Acknowledging that Town Hall is in need of serious and major rehabilitation, the Idyllwild Chamber of Commerce voted to deed the iconic building back to the Johnson family who currently holds a reversionary interest. Gerald Johnson, grandfather of Jay and Steve Johnson, donated the land for Town Hall and helped build it. He later deeded the edifice to the Chamber to hold in trust for the town as a recreation venue and facility.
Jay Johnson, present with son Jason and brother Steve, announced his family intends to deed the structure and land to the county, to be used only for recreational purposes. As now, the family would retain their reversionary interest, should the facility or land use be changed from recreation.
“Our family agrees on this,” Johnson said, “the Chamber does not have the money to restore this building. The county has the funds to make it happen.”
Johnson and Chamber Director Mimi Lamp have met with 3rd District Supervisor Jeff Stone who told them that the county would rehabilitate the building, preserve it as a community recreation site, and keep it public.
“The thing that was stressed by Stone was that this would remain a community hall,” Lamp said. The county CSA 36 recreation program, currently headquartered at Town Hall, is funded by taxpayer assessment.
Johnson, who has a background in building and construction, estimated that needed repairs to Town Hall would be costly but that Stone had told him they would begin once title was transferred. “First will be playground replacement and repair of the front stairs and heating,” said Johnson. He also noted that county ownership makes county government accountable to the people of Idyllwild. “People will have a vote,” he said.
Chamber President Chris Titus said the decision came because the building has serious issues that the Chamber cannot address. “Right now I don’t see anything better for the town,” she said. “Town Hall is woefully underutilized because of its condition,” Director Gary Taylor said.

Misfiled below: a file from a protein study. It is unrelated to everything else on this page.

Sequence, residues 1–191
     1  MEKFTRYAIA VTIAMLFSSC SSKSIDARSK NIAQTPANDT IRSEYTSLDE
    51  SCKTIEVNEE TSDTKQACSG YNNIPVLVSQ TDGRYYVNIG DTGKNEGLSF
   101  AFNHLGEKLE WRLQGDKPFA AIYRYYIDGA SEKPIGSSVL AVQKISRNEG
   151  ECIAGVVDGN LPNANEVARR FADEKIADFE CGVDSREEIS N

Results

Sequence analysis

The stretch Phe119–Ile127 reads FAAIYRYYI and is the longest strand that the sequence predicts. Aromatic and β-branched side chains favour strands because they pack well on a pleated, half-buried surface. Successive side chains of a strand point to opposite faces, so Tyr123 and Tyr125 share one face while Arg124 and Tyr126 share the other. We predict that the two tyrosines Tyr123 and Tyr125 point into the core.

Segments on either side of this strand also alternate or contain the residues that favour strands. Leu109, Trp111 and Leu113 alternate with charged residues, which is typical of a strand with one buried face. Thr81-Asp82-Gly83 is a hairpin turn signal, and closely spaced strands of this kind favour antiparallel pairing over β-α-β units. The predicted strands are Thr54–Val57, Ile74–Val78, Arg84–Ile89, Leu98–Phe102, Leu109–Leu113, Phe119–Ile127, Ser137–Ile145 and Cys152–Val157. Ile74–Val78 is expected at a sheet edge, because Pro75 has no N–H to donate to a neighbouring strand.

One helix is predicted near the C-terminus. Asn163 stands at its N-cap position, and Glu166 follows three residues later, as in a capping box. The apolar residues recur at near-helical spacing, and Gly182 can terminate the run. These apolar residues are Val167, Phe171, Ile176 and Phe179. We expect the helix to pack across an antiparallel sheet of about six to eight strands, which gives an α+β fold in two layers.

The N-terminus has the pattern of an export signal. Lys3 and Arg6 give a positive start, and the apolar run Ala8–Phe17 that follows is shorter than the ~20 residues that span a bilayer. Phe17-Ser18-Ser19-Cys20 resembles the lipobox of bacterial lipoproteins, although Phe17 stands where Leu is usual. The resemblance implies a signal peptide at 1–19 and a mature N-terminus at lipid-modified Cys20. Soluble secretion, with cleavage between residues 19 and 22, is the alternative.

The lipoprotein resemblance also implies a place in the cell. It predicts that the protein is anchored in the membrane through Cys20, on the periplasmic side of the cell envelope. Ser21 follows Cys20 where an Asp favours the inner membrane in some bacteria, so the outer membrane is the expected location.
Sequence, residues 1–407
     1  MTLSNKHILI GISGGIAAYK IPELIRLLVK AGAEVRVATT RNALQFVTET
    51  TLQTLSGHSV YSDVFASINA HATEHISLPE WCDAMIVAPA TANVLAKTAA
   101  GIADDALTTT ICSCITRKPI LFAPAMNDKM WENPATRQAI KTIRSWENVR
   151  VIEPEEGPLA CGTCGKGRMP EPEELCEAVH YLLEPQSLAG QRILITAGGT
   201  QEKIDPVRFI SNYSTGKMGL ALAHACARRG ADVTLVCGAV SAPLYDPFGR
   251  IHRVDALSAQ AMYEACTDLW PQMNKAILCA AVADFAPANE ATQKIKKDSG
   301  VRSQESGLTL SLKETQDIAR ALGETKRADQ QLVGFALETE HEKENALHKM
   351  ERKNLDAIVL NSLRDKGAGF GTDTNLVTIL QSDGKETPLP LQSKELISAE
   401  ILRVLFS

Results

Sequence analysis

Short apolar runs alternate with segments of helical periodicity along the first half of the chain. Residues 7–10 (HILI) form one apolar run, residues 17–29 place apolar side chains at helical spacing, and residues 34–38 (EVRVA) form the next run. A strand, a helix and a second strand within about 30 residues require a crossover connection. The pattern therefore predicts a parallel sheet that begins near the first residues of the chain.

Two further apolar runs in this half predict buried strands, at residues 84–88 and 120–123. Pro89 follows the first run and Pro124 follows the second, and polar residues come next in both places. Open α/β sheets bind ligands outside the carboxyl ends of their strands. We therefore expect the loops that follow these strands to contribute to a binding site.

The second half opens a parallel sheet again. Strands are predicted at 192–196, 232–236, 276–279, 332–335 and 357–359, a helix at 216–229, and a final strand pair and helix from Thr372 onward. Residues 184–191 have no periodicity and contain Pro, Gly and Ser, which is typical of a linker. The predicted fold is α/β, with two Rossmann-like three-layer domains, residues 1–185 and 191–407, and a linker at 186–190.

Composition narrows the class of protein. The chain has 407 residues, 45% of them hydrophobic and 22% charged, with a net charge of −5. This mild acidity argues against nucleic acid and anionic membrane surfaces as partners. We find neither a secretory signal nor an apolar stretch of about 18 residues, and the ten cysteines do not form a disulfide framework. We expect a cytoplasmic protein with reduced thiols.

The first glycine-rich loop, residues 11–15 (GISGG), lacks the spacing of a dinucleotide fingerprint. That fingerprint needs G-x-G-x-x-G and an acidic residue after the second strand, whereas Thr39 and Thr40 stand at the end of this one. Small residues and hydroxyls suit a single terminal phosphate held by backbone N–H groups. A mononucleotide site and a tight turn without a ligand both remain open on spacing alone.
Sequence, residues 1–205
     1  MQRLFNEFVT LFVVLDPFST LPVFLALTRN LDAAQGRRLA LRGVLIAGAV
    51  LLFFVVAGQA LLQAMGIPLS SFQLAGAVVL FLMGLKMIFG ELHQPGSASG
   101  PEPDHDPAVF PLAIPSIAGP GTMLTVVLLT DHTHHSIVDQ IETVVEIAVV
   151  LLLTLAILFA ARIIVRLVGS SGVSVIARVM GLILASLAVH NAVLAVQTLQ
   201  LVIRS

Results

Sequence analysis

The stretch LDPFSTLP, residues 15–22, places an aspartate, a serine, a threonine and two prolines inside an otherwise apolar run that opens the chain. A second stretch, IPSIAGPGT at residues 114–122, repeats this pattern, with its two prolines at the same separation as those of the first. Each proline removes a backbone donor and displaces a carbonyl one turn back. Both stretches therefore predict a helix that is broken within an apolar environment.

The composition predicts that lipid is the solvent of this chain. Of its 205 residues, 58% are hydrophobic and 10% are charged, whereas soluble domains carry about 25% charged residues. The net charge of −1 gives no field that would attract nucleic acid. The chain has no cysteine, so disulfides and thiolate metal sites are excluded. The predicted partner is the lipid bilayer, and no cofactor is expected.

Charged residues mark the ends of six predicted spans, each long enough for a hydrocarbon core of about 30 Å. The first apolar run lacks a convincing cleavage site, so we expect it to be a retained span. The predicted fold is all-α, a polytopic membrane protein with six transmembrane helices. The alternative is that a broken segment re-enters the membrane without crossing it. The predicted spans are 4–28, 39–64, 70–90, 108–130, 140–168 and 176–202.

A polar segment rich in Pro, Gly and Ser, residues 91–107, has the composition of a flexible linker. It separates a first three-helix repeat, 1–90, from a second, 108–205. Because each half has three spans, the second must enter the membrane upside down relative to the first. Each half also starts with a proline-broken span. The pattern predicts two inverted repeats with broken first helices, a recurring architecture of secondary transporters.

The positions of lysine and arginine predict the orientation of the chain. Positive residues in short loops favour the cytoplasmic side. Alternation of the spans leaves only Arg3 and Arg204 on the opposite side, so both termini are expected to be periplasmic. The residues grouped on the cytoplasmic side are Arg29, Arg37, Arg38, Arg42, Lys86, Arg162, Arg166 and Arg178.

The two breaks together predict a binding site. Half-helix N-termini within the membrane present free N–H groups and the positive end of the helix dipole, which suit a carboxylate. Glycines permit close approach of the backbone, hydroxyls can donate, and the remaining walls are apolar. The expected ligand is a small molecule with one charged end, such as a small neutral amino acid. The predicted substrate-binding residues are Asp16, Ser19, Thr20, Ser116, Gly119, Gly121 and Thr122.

Johnson noted that he could see Town Hall rehabilitation complementing the Idyllwild Community Center if and when built. “Let’s get this up and running in the meantime,” he said, “and make it great for the kids and the people of the town.”
Of the transfer to the county, Lamp said, “If they [the county] don’t fix it [building problems] they will be liable.”
“They’ll [the county] make it healthy,” Steve Johnson said.
A clearly dispirited Chamber acknowledged the difficulties of facing a lawsuit which places their personal and Chamber finances at risk. They said they would play a limited role in the community until the lawsuit is settled, which may not be until 2013.
Lamb, the Chamber treasurer, reported the Chamber is solvent.
In other business the board announced the tree monument would be fenced off to prevent people from climbing on it. Citing “loose board” and pieces that are beginning to fall off, the board stressed the safety issue and will fence the monument as soon as they receive a feasible bid.
“We need to fence it because the liability issues are beyond our ability to address,” said Chamber Director Lanny Hardy. And Taylor described the monument at present as “an attractive nuisance that invites climbing.”
Phyllis Mueller reported that the Tree Lighting Ceremony is proceeding well.
The Harmony monument is not an "attractive nuisance." The loose board is just that, and can be easily fixed. The monument invites people to come sit on it and get their picture taken. Isn't that a good thing? Fencing it off is really sad. Maybe the fake grass in the Village Centre complex should be fenced off — wouldn't want it to get ruined. As far as the lawsuit, and the Chamber's continuing inability to represent and promote Idyllwild, they brought this on themselves with a revolving door of directors who have not been able to get it together for years.
I am stunned to hear that anyone living, working and existing within an artisan sanctuary-and atop a MOUNTAIN- where climbers. hikers and trail blazers migrate from miles-would have the audacity to spew such words about one of the most beautiful central focal points for tourists on the mountain. The first thing that drew me here when i first drove up to this place, was that sculpture and the garden where the artist works. I come to hike and climb the peaks of this mountain…climbing is what we do!!! What an idiotic decision!! Maybe the statue should also go to the County too!! At least the County doesn't call responsibility a nuisance. Let them fix it, own it, and take liability responsibility if the town it was created for seems to care less. SAD SAD SAD!!!!
"Attractive nuisance" is a legal term. This definition comes from Nolo law dictionary: Something on a piece of property that attracts children but also endangers their safety. For example, unfenced swimming pools, open pits, farm equipment, and abandoned refrigerators have all qualified as attractive nuisances. Landowners have a duty to keep their property free of attractive nuisances.